Caustic (optics)

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Typical "coffee cup caustic"
The light entering from the left is focused by reflection on the inner wall of the cup .

As caustic (from ancient Greek καυστός kaustos , German , burned ' ), and focal line or focal surface is referred to in the technical optics an area in which light rays tangent to an arc or a curved surface. The arch limits the light space. The intensity increases towards the arch and drops off steeply there. With caustic only this wing tip or the enveloping face is sometimes meant.

Collecting lenses and concave mirrors focus only approximately on one point . Due to imaging errors (spherical aberration, coma) the light is collected in a finite caustic.


A distinction is made between catacoustics and diacaustics , depending on whether the bundling occurs through reflection or refraction . In addition, a distinction is sometimes made between first and second type caustics , depending on whether the light rays to be collected are incident parallel ( coming from a point light source that is very far away ) or divergent (from a relatively close point light source).


The beam is deflected by specular reflection on a hollow surface. A well-known example is the "coffee cup caustic": When light falls at an angle into a cup with a shiny inside, you can observe a heart-shaped concentration of light on the bottom of the cup or in a somewhat cloudy cup, an extreme form of spherical aberration. In special cases, the sharp boundary surface is described mathematically by a cardioid or nephroid .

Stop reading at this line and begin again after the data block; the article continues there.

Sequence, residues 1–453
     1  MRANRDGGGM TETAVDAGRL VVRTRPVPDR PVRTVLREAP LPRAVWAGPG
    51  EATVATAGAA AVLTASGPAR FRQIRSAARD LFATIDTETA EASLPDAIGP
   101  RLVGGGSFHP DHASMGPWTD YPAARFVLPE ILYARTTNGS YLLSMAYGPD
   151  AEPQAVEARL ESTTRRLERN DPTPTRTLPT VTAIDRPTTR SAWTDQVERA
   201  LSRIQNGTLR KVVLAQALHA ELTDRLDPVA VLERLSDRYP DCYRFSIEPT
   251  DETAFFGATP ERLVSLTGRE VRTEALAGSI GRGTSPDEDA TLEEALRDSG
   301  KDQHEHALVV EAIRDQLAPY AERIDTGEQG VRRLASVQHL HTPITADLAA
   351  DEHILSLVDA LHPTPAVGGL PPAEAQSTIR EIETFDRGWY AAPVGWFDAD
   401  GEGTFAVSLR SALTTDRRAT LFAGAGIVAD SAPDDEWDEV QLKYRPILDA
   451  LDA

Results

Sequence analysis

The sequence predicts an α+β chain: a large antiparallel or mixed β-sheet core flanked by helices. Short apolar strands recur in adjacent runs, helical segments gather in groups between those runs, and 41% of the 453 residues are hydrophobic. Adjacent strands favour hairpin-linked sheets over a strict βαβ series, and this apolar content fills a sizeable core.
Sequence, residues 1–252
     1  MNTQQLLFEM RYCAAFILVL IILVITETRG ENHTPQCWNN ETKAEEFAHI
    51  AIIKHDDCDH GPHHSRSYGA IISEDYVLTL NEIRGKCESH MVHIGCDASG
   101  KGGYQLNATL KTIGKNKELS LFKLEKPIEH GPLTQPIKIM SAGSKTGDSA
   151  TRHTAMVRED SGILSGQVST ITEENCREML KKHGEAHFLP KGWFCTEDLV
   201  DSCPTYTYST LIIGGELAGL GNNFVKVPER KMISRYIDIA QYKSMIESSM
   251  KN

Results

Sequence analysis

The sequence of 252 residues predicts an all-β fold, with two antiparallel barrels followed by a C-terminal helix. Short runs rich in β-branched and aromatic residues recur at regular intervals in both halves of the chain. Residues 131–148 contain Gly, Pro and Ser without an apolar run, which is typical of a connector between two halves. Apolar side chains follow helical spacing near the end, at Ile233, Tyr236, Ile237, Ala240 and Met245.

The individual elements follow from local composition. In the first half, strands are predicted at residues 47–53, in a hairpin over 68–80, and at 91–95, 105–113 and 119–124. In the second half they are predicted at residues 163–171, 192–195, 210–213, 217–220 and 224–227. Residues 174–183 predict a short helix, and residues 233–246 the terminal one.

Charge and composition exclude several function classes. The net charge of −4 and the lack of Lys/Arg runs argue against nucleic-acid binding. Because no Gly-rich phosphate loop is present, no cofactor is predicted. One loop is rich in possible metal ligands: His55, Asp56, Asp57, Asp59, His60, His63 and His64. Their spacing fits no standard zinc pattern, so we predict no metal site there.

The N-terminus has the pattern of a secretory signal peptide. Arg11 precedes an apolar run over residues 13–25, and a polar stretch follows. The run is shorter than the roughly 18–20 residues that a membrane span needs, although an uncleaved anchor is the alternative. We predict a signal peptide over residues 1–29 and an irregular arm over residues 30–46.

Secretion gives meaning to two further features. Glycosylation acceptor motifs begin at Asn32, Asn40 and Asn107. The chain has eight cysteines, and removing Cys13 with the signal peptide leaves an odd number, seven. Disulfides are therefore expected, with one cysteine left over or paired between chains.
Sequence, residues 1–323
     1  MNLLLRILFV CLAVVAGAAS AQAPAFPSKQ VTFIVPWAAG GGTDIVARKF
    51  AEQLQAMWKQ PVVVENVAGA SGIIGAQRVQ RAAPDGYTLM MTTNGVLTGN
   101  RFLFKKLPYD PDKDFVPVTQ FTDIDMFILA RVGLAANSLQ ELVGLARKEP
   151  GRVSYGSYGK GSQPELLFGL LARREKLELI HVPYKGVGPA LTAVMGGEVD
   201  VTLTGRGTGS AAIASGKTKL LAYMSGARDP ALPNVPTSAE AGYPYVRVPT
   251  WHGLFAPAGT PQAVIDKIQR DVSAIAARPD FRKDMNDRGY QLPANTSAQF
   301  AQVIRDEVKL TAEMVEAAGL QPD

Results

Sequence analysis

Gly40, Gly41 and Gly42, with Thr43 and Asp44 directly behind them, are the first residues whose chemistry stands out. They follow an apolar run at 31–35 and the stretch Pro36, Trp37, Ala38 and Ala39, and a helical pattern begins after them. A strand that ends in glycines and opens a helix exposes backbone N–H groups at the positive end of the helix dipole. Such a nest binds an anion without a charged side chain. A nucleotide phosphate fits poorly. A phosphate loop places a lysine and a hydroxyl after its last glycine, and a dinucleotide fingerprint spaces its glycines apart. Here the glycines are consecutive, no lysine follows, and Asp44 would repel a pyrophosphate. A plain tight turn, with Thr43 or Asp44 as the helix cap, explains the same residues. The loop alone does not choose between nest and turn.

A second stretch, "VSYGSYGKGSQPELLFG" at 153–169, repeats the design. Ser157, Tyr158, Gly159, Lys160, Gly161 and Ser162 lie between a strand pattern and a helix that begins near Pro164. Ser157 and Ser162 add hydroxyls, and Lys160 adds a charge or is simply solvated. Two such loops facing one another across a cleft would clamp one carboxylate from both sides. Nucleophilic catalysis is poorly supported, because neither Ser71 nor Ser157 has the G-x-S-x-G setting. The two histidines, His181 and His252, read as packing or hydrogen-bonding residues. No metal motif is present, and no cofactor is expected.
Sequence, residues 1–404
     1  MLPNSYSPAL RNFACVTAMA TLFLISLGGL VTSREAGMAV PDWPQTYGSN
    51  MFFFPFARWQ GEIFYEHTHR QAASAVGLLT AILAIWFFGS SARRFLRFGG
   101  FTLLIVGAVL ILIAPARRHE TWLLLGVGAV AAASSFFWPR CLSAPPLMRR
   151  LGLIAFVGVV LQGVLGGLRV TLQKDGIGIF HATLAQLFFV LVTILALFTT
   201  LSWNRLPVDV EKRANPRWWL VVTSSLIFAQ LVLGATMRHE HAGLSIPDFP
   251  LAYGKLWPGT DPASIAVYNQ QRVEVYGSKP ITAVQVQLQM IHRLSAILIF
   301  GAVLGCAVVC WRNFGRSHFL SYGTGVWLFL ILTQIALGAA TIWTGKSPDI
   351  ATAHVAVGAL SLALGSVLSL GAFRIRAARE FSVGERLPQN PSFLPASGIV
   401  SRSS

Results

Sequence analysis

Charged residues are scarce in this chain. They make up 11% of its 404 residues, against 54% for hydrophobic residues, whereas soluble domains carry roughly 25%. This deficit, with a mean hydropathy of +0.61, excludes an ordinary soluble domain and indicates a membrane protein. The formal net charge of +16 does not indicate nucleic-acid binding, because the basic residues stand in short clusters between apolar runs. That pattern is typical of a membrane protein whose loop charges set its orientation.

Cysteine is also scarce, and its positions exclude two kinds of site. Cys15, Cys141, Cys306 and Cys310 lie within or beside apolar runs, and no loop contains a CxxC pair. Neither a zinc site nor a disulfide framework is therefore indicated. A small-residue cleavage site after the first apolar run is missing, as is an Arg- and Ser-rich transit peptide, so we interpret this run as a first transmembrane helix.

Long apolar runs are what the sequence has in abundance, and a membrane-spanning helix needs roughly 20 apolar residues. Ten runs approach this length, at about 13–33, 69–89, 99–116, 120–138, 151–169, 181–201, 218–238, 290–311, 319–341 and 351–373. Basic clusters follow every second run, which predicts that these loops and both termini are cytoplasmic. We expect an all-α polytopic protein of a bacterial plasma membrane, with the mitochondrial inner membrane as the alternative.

The beam is deflected by refraction. For example, the play of light at the bottom of a water basin shows diacaustics if the waves are so steep or the water is so deep that rays of light cross. Coma shows the light concentration on the delimiting arc in its pure form.


Beam path in a drop of water for monochromatic light: the parallel incident light (upper half of the image) is refracted when entering, reflected on the back and refracted again when exiting.

A rainbow is based on the caustic of the catadioptric beam path in water droplets. The dependence of the exit angle from the axis distance of the incident beam passes through a maximum. In the direction of the maximum the intensity is particularly high and then drops off steeply. The maximum angle depends on the wavelength , which gives the rainbow its color.

Significance in laser beams

The envelope of a beam waist, in particular a laser beam, is also called caustic, even if the beam optics are no longer valid there and the radial intensity distribution does not have a maximum at the edge, but in the beam axis.

Importance in computer graphics

In 3D computer graphics , caustics have long been the most difficult phenomenon to simulate because they occur in a concentrated manner and can only be simulated well using methods that work from the light sources. Methods for calculating the global illumination also have to simulate caustics, which the photon mapping algorithm developed in 1995 was able to achieve for the first time in a general and efficient manner . In the light path notation , catacaustics correspond to the paths of the type LS + DE, i.e. at least one specular and one subsequent diffuse reflection.

Individual evidence

  1. Georg Glaeser: Geometry and its applications in art, nature and technology . Springer-Verlag, April 2, 2014, ISBN 978-3-642-41852-5 , p. 185.
  2. ^ Dieter Meschede: Gerthsen Physics . Springer-Verlag, February 27, 2015, ISBN 978-3-662-45977-5 , p. 519.
  3. Max Born: Optics: A textbook of electromagnetic light theory . Springer Berlin Heidelberg, March 13, 2013, ISBN 978-3-662-00058-8 , p. 52.
  4. ^ E. Alberts, W. Arndt, A. Beckmann: Manual of lighting technology: first part . Springer Berlin Heidelberg, April 17, 2013, ISBN 978-3-642-50693-2 , p. 952.


  • John F. Nye: Natural Focusing and Fine Structure of Light. Caustics and Wave Dislocations. Institute of Physics Publishing, Bristol et al. 1999, ISBN 0-7503-0610-6 .

Web links

Commons : caustic  - album with pictures, videos and audio files